cover feature of Mishpacha Magazine by Eytan Kobre
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The meeting’s timing and venue — 11 p.m. at the home of a leading Brooklyn rav and rosh yeshivah — were highly unusual. But, then again, the issue that brought Agudath Israel head Rabbi Chaim Dovid Zwiebel and attorney and communal askan Avi Schick for a late-night consultation at the home of Rav Yisroel Reisman, rosh yeshivah of Torah Vodaath and rav of Agudath Israel of Madison, was itself unprecedented.
There was a single item on the agenda: finding a way forward amid what the participants called an “existential crisis” for New York State yeshivos, a state of emergency requiring the immediate attention and proactive involvement of the world’s largest frum community outside of Eretz Yisrael. With the New York State education department’s (SED) issuance in mid-November of guidelines imposing impossible-to-fulfill obligations for secular studies in nonpublic schools, the state’s 400-plus religious Jewish elementary and high schools have been left staring into the abyss.
For the past three years, 30 mosdos in Brooklyn have been dealing with a complaint filed with the NYC Department of Education by a group called YAFFED, which seeks to undermine the autonomy of the yeshivos and alter their emphasis on limudei kodesh. But the new SED guidelines are a problem of another dimension. Applying to all yeshivos across the state, they radically redefine what the law requires of yeshivos and reverse the presumption of compliance that has existed since 1897, when the law requiring nonpublic schools to provide an education that is “substantially equivalent” to that of public schools was first enacted.
A very real danger suddenly looms: Noncompliance with the new guidelines could result in the yeshivos losing millions of dollars of critical state funding for busing, textbooks, lunches, and security —with parents already saddled with heavy tuition burdens having to foot the bill. And an even more ominous threat hangs in the air, too: the shuttering of schools across the Orthodox spectrum, with students who fail to transfer out to other schools being declared truants.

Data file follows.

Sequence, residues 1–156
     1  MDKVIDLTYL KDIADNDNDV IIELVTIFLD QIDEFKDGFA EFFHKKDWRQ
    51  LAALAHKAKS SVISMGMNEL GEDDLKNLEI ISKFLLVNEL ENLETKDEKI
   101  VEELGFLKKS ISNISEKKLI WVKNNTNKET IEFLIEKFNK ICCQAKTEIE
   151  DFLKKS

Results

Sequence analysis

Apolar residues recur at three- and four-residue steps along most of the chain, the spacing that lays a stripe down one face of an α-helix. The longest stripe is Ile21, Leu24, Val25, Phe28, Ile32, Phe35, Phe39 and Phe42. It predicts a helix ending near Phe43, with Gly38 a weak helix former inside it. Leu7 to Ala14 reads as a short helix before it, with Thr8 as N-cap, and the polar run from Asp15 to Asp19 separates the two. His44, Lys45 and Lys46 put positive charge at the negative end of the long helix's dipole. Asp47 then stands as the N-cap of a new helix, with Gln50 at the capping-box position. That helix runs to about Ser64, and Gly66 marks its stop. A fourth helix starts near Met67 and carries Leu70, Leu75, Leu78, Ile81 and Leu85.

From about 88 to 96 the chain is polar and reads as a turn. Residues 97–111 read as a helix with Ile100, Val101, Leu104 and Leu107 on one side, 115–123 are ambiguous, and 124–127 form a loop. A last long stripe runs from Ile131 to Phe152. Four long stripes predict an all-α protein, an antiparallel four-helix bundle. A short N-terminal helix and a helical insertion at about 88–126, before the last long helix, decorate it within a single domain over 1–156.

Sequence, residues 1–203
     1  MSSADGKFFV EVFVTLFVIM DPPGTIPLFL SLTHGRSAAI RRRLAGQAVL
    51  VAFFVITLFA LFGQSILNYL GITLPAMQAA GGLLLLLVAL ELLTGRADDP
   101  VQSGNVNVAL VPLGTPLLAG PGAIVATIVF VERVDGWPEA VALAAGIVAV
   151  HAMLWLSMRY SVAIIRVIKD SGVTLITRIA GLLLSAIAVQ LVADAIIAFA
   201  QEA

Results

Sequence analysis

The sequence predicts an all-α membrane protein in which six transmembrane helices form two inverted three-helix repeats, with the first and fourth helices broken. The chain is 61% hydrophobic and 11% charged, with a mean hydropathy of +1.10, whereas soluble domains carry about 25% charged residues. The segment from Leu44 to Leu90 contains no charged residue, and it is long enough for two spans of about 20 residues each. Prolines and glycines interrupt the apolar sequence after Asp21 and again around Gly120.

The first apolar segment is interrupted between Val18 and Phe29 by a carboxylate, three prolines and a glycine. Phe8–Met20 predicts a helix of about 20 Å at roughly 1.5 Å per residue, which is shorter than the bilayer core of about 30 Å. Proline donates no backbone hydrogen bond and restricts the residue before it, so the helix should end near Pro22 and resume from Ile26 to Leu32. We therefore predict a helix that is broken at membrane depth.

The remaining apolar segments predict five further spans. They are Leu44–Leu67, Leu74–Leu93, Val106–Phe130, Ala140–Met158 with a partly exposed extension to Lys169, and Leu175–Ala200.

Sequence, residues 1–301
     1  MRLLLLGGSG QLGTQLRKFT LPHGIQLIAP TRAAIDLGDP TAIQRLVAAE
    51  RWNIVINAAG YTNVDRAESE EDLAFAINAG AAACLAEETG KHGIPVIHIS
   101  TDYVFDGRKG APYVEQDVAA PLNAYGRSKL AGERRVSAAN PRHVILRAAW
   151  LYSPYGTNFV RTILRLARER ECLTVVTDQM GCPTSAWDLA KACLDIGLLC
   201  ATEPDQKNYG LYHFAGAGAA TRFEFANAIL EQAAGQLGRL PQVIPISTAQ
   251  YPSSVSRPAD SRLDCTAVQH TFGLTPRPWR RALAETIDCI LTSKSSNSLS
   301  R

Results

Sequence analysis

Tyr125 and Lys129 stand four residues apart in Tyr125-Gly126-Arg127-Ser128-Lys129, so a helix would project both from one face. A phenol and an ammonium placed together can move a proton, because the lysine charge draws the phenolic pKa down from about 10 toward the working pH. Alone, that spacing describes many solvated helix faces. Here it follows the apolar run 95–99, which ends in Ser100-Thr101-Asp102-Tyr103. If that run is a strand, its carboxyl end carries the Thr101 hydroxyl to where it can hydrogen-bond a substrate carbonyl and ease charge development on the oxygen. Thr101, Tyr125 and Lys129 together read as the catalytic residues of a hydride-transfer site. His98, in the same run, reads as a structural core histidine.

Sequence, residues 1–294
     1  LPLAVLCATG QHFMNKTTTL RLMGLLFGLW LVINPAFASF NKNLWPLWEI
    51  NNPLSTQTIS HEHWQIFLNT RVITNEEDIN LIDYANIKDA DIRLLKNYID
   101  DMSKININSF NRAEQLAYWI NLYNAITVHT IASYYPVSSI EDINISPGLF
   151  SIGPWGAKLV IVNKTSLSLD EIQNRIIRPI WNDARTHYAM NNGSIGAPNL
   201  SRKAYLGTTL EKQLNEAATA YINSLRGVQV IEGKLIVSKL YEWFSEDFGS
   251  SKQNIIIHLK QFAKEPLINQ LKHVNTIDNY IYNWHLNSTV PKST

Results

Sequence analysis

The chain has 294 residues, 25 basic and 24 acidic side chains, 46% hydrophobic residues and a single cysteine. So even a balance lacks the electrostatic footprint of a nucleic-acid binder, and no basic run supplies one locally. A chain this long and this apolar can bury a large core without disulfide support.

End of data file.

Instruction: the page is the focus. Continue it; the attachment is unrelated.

Rising to address a challenge the likes of which the yeshivos have never seen, Rav Reisman and Mirrer Rosh Yeshivah Rav Elya Brudny have been at the forefront of alerting the community to the gravity of the threat. Each of them has addressed the frum community via video, explaining what’s at stake in these guidelines, and have taken their case to the world at large in a jointly authored opinion piece in the Wall Street Journal.
Why have these leaders gone so uncharacteristically public on this issue instead of pursuing the time-honored path of quiet diplomacy? For one thing, that path has thus far proven to be a dead-end.
And according to Rav Reisman, time is of essence — the danger is immediate. “SED is likely to move quickly to select one or more yeshivos to make examples of,” he explains. “In a matter of weeks, they’ll begin their inspections and will try to shut down schools to show they mean business. The schools can always sue to stop them, but who has the financial resources for protracted litigation? Unless we raise an outcry now, those schools can be irreparably harmed.”
Rabbi Reisman invited Mishpacha to attend the meeting in his home in order to give readers the important story-behind-the-story of the attempts made to advocate the yeshivos’ cause to New York Commissioner of Education MaryEllen Elia. (Excerpted from Mishpacha, Issue 740)